Now what first got into my mind, is to use the Boyer-Moore majority algorithm and keep updating the majority and the counter variables as soon as the next result comes in. In case i haven’t made that clear, the results aren’t stored in an array or anywhere else. You get informed of one ballot, then you calculate(and this goes on until all the ballots have been used, meaning i don’t have access to any previous information). Whether this information is stored in array or not, i know i can still run the first iteration of this algorithm to get a "possible" majority result, since the algorithm always produces one. My problem lies in the second iteration.I see the results one more time one by one. How am i supposed to verify if my original result is indeed the majority or not? Is there any other way i can get around it with only 2 variables?

Can a Totem Warrior Barbarian choose a second Totem Spirit in place of an Aspect of the Beast?

Is it possible for a Totem Warrior Barbarian to select another totem from level 3 instead of the Aspect of the Beast at level 6?

At 6th level, you gain a magical benefit based on the totem animal of your choice. You can choose the same animal you selected at 3rd level or a different one. (Player’s Handbook)

This means that it’s possible for a Barbarian who selected the bear on level 3 (resistance) to e.g. select the eagle on level 6 (eyesight).

However, is it possible to select the eagle level 3 upgrade (Dash bonus action) on the Barbarian level 6 upgrade, when the bear was selected on the level 3 upgrade? As the Totem Spirit of level 3 is "lower" in some terms, I wouldn’t mind to allow it. This would create a level 6 Barbarian with resistance and Dash as a bonus action, a pretty fast tank character (for example).

And is this also valid for level 14 Totemic Attunement, thus allowing to select another (not yet selected) totem from the previous levels?

Do 10 second turns/60 second rounds make spellcasters horrible?

My DM insists on the combat being 10 seconds per turn and the round time to be the sum of all turn times (so a minute for 6 participants, for example). I am aware that this is not how turn/round time normally works.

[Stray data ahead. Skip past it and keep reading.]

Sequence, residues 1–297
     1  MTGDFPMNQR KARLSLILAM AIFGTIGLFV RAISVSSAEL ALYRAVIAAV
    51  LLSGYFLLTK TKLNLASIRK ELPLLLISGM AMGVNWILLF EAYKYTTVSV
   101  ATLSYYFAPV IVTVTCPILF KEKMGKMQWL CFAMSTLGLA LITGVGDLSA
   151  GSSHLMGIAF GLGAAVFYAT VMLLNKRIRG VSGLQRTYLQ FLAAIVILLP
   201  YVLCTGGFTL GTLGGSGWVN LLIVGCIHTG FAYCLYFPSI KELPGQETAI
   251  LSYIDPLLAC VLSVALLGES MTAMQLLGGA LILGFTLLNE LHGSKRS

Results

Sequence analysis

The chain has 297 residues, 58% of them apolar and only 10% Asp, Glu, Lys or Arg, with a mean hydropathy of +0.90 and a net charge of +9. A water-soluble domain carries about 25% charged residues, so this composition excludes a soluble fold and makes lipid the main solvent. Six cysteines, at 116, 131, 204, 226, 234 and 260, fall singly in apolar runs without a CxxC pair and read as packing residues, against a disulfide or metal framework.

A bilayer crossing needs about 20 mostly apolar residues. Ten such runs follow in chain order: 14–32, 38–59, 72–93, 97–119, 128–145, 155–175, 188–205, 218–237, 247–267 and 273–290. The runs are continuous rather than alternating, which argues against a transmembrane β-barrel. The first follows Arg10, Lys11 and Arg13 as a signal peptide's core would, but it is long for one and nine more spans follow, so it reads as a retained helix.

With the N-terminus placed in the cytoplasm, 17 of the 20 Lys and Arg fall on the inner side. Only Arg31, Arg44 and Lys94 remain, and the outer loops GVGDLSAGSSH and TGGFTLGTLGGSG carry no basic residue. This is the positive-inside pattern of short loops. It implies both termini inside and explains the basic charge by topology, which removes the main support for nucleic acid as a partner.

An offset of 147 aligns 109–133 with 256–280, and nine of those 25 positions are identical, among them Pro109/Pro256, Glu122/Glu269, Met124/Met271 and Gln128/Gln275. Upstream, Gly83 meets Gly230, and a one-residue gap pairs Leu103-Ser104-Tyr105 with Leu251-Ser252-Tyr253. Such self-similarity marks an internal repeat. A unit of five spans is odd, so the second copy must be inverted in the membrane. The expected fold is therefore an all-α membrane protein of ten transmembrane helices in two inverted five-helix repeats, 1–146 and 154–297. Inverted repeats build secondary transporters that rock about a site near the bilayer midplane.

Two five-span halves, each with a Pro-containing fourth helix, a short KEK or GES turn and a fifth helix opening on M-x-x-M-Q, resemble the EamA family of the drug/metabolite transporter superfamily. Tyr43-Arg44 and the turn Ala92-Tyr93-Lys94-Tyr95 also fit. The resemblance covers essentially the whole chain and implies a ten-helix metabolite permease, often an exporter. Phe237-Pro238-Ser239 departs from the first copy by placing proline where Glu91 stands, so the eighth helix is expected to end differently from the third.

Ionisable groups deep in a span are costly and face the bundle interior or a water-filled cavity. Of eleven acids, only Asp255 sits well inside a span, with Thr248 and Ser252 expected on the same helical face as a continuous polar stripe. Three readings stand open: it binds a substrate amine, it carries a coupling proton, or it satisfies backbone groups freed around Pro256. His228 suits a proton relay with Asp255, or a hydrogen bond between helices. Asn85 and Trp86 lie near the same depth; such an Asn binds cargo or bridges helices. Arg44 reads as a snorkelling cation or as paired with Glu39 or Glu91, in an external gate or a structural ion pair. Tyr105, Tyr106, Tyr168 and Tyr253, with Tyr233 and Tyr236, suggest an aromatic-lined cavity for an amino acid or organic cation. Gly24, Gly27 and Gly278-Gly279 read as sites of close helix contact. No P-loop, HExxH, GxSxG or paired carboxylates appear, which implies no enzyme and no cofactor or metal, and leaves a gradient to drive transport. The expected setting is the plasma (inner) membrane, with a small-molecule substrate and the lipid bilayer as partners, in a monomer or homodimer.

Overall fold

This makes many spells with 1 minute durations like Hold Monster last at most a round.

I am playing a Fiend Warlock and I am worried it’ll seriously underpower my character compared to non-spellcasters. Many spells available to me are supposed to last up to encounter-long (Hold Monster, Hunger of Hadar, Vampiric Touch, Hold Monster, Eyebite to name a few). Am I rightly worried, or overreacting? Are other spells sufficient for me to carry my weight?

AnyDice — efficiency of code calculating rolls hitting a target with mixed pools; hitting the 5 second barrier

I have some code that is hitting the 5 second barrier;

function: target N:n of A:s B:s C:s {     result: [count {1..N, 1..(N/2)} in [sort {A, B, C}]] } output [target 7 of 4d12 0d20 0d8] output [target 7 of 4d12 2d20 0d8] output [target 7 of 4d12 4d20 0d8] 

Even if I remove the final output line, it still fails.

I believe the code does what I want it to – calculate the number of dice rolling at or under the target from mixed pools (it runs when using other pools: d20s seem to be a problem).

Is there anyway I can improve it so that at least the first two of these output lines will run (or better yet, all three of them)?

N.b. from my perspective these were some of the simplest pools I wanted to look at.

What are the sales figures for Pathfinder 2e between launch year and second year to date?

Pathfinder 2nd edition officially hit gaming tables almost a full year ago. Since then, I’ve noticed quite a lack of questions on this site with the pathfinder-2e tag compared to other systems, and I doubt it’s because of a corresponding lack of rules ambiguity.

I know that 5th edition is Dungeons & Dragons’ most successful edition yet; has Paizo released any information about the financial reception of 2nd edition?

How is the company doing compared to last year at this time?